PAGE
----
Oliver v. StateAnnotate this Case
236 S.W.2d 143 (1951)
OLIVER v. STATE.
Court of Criminal Appeals of Texas.
December 13, 1950.
Rehearing Denied February 14, 1951.
*144 Sam L. Harrison, Theo. P. Henley, San Antonio, for appellant
George P. Blackburn, State's Atty., of Austin, for the State.
Emma Oliver was convicted and assessed the death penalty for the murder with malice of Herman Cohn by cutting and stabbing him with a knife.
Shortly after midnight two police officers in response to a call went to a two story building in the 2300 block of East Commerce Street in the City of San Antonio. The building consisted of some ten apartments, three of which were on the ground floor, and the officers were looking for a dead body.
The officers looked through the upstairs apartments, and upon coming downstairs they met appellant. They went into one of the downstairs apartments, but did not enter another where a light was seen because appellant told them that the light they saw was in the same room they had previously entered.
They returned to headquarters without finding the corpse, but returned shortly in response to a second call. On this occasion they found in the room of the building where the light had been seen, the dead body of the deceased, described as "a well developed and well nourished colored male about 40 years of age."
There was found on the body a penetrating wound in the left chest which penetrated the pericardium (the sack that contains the heart). The wound was, in the opinion of the county health officer, such a wound as could have been caused by the knife which was taken from appellant.
And the doctor testified that the wound caused the death of the deceased.
Millard O'Conner was at the house when the officers returned, and showed them where the body was. He testified that he discovered the body when he went to appellant's room to await her return.
After discovery of the body, Officer Fest went to a place across the street and found appellant standing there. That appellant said: "Here I am * * * I killed him." That he took from her a knife which was identified and offered in evidence, and *145 which knife was described as a deadly weapon by witnesses.
The body of the deceased was lying on the floor. No knife or weapon was found there. In deceased's pockets were found only a pocket book with 51 cents in money, and a check payable to the L & M Lumber Company for $510, signed by Mr. T. E. Barnes of the Austin or East End Lumber Company.
The bed in the room where the body was found was disarranged and had the appearance of having been occupied.
A red truck with a long bed and trailer was parked a few doors from the house, and officers had made inquiry of appellant and others about it.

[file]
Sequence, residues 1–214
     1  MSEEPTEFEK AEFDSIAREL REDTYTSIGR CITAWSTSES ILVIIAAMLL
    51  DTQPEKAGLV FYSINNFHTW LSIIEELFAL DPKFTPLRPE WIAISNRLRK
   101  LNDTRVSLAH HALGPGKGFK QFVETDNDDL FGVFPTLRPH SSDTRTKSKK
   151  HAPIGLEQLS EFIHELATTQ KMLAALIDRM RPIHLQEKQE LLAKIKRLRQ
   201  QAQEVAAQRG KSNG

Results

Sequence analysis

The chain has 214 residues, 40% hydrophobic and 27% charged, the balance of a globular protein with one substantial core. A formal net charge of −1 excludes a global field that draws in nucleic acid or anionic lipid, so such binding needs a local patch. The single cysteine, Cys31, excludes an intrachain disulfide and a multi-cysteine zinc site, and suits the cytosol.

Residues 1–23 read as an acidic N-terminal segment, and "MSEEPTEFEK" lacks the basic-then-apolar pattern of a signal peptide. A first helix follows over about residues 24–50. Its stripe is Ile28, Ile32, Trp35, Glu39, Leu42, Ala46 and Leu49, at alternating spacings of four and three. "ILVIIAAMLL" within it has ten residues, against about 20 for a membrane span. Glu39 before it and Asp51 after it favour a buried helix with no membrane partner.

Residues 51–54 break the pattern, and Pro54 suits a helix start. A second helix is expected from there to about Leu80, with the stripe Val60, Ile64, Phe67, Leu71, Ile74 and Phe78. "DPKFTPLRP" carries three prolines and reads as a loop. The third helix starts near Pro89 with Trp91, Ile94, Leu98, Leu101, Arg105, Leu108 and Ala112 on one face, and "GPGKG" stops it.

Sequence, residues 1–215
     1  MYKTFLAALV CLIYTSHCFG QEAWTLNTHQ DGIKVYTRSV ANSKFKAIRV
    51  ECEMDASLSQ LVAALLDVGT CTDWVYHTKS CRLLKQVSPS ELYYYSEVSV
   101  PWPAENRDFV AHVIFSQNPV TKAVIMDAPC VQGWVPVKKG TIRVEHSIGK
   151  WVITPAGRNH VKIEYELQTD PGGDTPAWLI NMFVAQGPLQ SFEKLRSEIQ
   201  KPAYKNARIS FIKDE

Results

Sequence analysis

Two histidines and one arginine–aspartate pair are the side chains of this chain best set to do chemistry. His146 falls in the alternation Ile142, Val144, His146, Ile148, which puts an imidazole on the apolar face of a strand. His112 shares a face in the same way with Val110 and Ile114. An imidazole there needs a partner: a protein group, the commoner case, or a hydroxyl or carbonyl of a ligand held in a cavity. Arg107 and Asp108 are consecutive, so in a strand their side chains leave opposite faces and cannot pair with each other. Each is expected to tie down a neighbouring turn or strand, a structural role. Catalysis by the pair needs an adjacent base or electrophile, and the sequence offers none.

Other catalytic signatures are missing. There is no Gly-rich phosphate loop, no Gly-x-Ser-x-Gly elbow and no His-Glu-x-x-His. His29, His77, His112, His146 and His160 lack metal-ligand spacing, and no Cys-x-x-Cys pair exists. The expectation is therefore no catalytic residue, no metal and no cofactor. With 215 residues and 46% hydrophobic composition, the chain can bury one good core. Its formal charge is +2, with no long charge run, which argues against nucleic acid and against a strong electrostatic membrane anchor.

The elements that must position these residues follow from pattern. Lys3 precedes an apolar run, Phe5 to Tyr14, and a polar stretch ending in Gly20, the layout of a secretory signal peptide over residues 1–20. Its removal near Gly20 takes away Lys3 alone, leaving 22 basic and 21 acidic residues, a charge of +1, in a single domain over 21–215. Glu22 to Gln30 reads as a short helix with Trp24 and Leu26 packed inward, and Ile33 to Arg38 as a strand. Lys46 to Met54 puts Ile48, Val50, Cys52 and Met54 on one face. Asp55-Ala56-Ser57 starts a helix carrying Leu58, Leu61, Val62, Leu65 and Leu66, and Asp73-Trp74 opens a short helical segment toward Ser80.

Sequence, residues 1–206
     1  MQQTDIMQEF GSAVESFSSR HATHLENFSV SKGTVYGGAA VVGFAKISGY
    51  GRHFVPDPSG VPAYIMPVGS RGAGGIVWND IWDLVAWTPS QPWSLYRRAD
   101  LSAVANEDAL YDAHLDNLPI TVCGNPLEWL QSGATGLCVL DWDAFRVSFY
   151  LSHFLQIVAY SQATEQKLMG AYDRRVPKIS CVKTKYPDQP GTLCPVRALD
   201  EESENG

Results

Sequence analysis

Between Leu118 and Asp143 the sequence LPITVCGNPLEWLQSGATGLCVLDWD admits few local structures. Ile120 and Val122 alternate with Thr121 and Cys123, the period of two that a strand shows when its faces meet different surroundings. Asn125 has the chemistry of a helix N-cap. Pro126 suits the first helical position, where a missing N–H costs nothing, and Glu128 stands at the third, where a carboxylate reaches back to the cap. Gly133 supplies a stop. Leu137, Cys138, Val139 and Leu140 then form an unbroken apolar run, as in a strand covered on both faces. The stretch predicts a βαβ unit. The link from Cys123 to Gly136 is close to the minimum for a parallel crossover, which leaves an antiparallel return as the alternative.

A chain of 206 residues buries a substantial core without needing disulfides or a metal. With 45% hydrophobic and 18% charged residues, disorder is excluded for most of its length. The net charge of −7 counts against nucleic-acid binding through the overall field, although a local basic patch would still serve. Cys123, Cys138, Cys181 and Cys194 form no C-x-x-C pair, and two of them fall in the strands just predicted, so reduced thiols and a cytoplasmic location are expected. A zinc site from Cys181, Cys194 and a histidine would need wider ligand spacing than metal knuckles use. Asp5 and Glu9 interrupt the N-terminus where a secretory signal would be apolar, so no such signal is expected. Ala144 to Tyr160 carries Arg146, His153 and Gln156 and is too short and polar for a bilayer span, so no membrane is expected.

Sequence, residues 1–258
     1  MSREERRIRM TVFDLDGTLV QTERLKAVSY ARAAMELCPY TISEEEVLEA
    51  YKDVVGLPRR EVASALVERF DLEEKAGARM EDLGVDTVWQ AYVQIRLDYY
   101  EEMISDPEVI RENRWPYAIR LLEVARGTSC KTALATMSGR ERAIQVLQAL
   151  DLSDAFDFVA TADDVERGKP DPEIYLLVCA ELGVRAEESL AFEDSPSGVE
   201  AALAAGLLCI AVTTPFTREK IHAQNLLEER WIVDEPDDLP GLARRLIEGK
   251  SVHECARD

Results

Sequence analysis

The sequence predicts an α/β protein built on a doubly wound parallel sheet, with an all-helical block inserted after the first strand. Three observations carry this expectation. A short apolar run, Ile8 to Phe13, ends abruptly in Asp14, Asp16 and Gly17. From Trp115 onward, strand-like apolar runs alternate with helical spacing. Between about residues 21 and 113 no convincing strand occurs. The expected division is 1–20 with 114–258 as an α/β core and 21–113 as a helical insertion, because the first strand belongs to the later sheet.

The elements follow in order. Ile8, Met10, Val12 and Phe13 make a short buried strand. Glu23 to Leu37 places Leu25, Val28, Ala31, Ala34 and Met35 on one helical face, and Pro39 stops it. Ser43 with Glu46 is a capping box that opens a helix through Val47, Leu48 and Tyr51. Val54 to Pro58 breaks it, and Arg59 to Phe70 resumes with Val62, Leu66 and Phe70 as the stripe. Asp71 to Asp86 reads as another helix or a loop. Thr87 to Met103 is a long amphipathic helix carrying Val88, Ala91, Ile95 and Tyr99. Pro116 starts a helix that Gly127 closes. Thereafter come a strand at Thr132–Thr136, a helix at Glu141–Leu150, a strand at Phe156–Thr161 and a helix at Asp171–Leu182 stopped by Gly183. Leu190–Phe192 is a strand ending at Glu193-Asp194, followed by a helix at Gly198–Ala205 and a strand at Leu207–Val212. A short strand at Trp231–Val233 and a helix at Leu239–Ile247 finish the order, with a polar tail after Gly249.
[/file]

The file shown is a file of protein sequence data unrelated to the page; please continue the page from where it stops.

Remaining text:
Mary Williams testified as an eye witness to the killing. She said that appellant called her and told her to stay with "the man who was locking the truck up." She said that the man came into the room where appellant was living, and that she talked to him while appellant left for a time, presumably to make a telephone call.
She further testified that when appellant returned, the deceased was lying on appellant's bed and that she, the witness, was sitting on a box by the dresser. Appellant remarked that "the cab will be here in a few minutes," and demanded that the deceased pay her $3.00. When deceased failed to comply with such demand she repeatedly demanded that he pay her $3.00, he either ignoring the demand, agreeing to pay her when the cab arrived, or saying that he did not have $3.00, and finally giving her $1.00.
She then repeatedly demanded an additional $2.00.
The witness described the actual killing and the events thereafter as follows:
"She said `give me two more dollars' and he said he did not have two more dollars. Emma Oliver grabbed Herman Cohn by the shirt with her left hand and she reached in her hip pocket like that and she stuck him with the open knife. In a minute or two I heard something running like water from a hydrant and I looked and I could see blood running from his chest down to his britches and he grabbed his stomach, and he didn't say anything and then he walked to the dresser and laid his head on the dresser and he said `Oh Lord, Oh Lord.' Then Emma Oliver looked at him for a minute and she raised his head off the dresser and said, `Don't die on my dresser m____r f____r' and he fell off the box to the floor and she started out the door and I started out the door with her and she pushed me back and said, `I will kill you too' and told me I had better stay there and I went back in. She left and came back and went in the room and said `Let's go' and we left and went to a beer tavern where she bought me and her a bottle of beer."
"She told me not to say anything about it. She said `You had better not say anything about it, or I will kill you' and I said I would not say anything about it."